UAE’s flag carrier Emirates has announced that it will resume scheduled flights to Stockholm, Sweden from 1 August. This route resumption will hence bring the active destinations count of the airline to 63. Though this is shy of half of the Emirates’ 161 global destinations, it is certainly a step in the right direction.
Emirates will fly the Boeing 777-300ER every Saturday from its hub in Dubai to Stockholm at 04h40UTC on flight EK157.
This latest resumption of route will also open “all Emirates gateways in Scandinavia .” Flights to Oslo, Norway will resume from 4 August.
So why is this significant? In March, commercial aviation had come to a resounding stop due to the coronavirus. It seemed that there was no hope for a quick recovery. Emirates also grounded its entire fleet. But starting in May, it started taking baby steps towards restarting its massive network. Initially starting out with scheduled flights to just 9 cities, it gradually resumed to more destinations.
On 15 July, the covers were off on the iconic Emirates A380s. The superjumbos took to the skies after a four-month hiatus on flights to London and Paris.
What are Other Gulf Carriers Up to?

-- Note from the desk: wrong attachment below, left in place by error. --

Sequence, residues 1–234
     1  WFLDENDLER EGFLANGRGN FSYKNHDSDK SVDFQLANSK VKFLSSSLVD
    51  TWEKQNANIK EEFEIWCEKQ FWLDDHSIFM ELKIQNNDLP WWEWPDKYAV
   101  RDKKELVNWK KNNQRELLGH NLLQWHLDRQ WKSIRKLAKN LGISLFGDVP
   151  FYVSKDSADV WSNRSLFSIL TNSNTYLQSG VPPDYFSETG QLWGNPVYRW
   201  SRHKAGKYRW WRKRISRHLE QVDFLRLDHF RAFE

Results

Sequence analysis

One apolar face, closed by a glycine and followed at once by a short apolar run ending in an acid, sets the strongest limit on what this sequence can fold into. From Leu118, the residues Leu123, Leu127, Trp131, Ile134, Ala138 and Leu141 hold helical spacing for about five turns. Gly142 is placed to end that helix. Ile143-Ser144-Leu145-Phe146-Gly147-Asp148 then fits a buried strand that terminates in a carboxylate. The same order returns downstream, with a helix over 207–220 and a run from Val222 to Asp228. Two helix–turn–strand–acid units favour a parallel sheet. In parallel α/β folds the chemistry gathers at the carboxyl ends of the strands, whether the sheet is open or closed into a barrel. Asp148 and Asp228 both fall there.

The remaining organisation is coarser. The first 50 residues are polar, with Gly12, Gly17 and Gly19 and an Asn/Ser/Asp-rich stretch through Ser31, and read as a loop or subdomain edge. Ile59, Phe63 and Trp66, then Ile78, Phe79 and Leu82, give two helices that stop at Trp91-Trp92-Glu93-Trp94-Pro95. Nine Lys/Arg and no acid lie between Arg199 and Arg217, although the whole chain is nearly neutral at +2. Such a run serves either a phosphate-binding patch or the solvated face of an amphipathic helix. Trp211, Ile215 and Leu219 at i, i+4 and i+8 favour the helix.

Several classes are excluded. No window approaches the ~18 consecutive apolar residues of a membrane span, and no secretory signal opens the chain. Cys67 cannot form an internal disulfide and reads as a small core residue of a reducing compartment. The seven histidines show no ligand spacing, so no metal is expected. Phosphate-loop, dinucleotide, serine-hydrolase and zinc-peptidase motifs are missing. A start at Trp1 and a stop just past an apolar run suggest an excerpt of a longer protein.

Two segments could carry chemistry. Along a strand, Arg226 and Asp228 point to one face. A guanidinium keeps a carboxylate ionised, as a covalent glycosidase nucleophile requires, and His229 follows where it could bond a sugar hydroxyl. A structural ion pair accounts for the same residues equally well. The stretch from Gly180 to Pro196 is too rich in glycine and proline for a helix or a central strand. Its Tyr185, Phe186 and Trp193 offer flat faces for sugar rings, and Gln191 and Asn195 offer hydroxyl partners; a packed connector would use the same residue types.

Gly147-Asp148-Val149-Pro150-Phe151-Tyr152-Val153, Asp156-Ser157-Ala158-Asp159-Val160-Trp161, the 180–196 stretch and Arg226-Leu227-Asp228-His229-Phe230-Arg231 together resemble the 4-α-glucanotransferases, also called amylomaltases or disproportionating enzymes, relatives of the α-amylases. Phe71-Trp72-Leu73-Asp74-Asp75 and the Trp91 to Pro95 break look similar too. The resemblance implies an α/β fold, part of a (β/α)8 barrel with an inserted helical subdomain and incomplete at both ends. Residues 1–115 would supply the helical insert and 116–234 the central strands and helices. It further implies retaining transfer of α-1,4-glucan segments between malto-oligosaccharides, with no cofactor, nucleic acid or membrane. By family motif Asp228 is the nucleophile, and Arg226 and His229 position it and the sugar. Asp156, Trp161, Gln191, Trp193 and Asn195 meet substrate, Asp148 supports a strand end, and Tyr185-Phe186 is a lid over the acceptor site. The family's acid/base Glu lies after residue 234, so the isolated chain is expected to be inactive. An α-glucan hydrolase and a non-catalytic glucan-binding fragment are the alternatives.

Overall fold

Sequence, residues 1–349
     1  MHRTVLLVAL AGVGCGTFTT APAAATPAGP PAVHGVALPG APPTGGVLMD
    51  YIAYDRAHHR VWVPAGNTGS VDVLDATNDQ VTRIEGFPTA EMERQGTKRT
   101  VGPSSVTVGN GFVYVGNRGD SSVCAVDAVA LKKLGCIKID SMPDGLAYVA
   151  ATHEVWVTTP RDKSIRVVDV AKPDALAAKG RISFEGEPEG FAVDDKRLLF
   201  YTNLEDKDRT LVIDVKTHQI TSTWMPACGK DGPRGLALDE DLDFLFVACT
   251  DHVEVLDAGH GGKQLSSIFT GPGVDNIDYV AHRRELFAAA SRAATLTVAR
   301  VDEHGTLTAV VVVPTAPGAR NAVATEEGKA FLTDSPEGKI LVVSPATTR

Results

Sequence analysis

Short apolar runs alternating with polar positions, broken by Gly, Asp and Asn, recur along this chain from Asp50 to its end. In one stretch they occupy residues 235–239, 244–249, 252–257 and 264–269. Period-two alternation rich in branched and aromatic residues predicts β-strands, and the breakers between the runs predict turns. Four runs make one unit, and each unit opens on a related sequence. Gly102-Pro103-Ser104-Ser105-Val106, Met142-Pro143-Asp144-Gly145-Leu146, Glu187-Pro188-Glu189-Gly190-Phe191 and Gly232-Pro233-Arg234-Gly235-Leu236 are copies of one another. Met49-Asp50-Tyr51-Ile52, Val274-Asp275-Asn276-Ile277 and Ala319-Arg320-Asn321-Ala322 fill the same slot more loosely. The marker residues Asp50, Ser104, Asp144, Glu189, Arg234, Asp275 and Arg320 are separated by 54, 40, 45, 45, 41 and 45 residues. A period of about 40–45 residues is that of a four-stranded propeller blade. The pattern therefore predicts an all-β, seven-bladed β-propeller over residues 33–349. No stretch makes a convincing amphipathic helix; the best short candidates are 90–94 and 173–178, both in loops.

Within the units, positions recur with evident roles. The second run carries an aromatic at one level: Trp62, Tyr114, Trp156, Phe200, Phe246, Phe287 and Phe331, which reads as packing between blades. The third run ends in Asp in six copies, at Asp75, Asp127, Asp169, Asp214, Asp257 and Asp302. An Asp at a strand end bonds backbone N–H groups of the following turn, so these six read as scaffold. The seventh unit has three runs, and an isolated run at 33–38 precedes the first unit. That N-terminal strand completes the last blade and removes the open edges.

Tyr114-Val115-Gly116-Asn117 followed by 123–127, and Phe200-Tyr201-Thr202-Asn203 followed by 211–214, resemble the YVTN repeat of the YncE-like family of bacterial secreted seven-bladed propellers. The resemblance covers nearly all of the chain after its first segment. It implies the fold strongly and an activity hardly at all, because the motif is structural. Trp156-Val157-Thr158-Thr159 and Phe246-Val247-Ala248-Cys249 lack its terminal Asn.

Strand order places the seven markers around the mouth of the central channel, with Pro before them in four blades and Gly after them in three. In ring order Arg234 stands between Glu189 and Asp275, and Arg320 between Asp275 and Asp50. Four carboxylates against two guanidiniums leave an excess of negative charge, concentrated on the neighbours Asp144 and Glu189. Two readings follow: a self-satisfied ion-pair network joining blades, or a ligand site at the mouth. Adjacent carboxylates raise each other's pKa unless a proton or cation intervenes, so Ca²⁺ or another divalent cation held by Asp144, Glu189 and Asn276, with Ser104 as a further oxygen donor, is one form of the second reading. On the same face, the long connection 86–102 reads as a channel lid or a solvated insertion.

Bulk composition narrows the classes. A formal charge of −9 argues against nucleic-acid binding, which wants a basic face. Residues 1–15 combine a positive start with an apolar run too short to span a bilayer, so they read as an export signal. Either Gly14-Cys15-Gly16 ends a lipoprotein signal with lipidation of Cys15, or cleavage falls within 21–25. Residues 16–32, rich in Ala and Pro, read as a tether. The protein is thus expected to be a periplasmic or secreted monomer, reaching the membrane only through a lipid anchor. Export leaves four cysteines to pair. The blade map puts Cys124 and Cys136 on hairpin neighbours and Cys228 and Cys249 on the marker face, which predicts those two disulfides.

Qatar Airways has already crossed the 70 destinations mark this month. The Doha-based carrier is fully utilizing its fleet comprising of 30 Boeing 787s and 49 Airbus A350s to rebuild its network. The A380s are currently out of the equation as Qatar is still deciding their fate.
Etihad Airways also announced recently that it will be resuming flights to Shanghai. This is to cater to “business travellers in the UAE, China, and other economies in the Middle East and Africa.” From August, Abu-Dhabi based Etihad will be flying to 58 destinations worldwide.
Despite the network rebuilding, airlines in the Middle East are all set to lose $4.8 billion this year. A slow recovery is expected as airlines adapt to this new reality. Qatar’s chief, Akber Al Baker said that he would be “very surprised” if travel demand recovered before 2023/24.
Emirates too will have to deal with the adverse effects that the pandemic has had on its previously flourishing establishment.
Last week it revealed plans to axe around 9 000 jobs, following reduced operational requirements. Such right-sizing programs have been implemented across the industry, as companies seek to cut costs.
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